2403 The right to private property, acquired by work or received from others by inheritance or gift, does not do away with the original gift of the earth to the whole of mankind. The universal destination of goods remains primordial, even if the promotion of the common good requires respect for the right to private property and its exercise.

2404 “In his use of things man should regard the external goods he legitimately owns not merely as exclusive to himself but common to others also, in the sense that they can benefit others as well as himself.” The ownership of any property makes its holder a steward of Providence, with the task of making it fruitful and communicating its benefits to others, first of all his family.

2405 Goods of production – material or immaterial – such as land, factories, practical or artistic skills, oblige their possessors to employ them in ways that will benefit the greatest number. Those who hold goods for use and consumption should use them with moderation, reserving the better part for guests, for the sick and the poor.

That “first of all his family” bit is a reference to the principle of subsidiarity — something I think Robert F. Smith demonstrated for us in both choosing Morehouse as the location for his “giving back,” and in his admonishing the Class of 2019 to receive this as an obligation to “pay it forward.”

We can understand Smith’s act both as a generous gift and as the fulfilling of the obligation to “give back.” His act was generous in that it was uncoerced and uncompelled by anything outside of his own choice to do it, but it seems Smith himself recognized that he was obliged to act. That’s why he told the recipients of his generosity that they were, themselves, obliged to “pay it forward.” This obligation — “freely ye have received, freely give” — is more legitimate and more true than whatever obligation those students may have had to pay back their student loans multiple times over in fees and interest.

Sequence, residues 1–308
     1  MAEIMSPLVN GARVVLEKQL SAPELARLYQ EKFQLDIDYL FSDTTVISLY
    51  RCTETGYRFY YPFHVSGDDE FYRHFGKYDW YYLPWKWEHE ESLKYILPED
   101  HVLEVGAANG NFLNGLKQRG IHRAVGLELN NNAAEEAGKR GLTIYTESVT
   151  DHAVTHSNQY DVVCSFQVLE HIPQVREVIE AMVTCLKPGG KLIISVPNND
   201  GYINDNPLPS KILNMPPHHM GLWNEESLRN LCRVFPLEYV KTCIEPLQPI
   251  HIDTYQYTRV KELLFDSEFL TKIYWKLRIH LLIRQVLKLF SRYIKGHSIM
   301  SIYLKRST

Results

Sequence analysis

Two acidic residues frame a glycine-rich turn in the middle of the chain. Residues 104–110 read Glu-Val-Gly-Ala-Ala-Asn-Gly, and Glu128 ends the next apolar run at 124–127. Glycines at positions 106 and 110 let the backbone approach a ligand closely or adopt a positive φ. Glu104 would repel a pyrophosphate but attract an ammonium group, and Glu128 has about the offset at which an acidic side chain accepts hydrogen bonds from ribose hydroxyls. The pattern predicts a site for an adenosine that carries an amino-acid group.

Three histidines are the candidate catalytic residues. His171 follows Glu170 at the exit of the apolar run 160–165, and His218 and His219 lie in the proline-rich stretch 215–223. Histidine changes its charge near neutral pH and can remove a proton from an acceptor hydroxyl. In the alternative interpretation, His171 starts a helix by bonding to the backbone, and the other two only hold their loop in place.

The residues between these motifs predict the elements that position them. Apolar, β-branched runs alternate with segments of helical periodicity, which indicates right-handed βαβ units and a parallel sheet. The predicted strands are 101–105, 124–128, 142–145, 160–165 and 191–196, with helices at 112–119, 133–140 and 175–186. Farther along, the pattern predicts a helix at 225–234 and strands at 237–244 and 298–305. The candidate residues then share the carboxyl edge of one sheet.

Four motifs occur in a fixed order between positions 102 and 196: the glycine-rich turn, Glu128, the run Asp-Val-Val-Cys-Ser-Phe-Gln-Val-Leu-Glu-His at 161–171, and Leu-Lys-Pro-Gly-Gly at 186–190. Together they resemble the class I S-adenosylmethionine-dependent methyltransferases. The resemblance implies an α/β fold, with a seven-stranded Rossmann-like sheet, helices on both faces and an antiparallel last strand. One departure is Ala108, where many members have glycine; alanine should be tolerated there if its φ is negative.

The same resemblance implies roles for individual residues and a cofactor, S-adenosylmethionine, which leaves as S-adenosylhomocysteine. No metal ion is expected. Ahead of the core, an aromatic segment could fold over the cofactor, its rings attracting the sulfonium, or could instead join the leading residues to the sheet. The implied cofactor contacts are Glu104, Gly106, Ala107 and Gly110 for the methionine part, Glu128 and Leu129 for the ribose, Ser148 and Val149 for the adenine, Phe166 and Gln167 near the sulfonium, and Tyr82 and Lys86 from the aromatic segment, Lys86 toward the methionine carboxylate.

Since we quoted that bit from the Catholic catechism above, we shouldn’t neglect the paragraph that follows it:

2406 Political authority has the right and duty to regulate the legitimate exercise of the right to ownership for the sake of the common good.

Or, in other words, “We the people” — the political authority here in the US — have the right and duty and opportunity to do for every college student in America what Robert F. Smith just did for one class at Morehouse. Morehouse’ president, David A. Thomas, gives a hint of how revolutionary and transformative that could be for everyone in this country: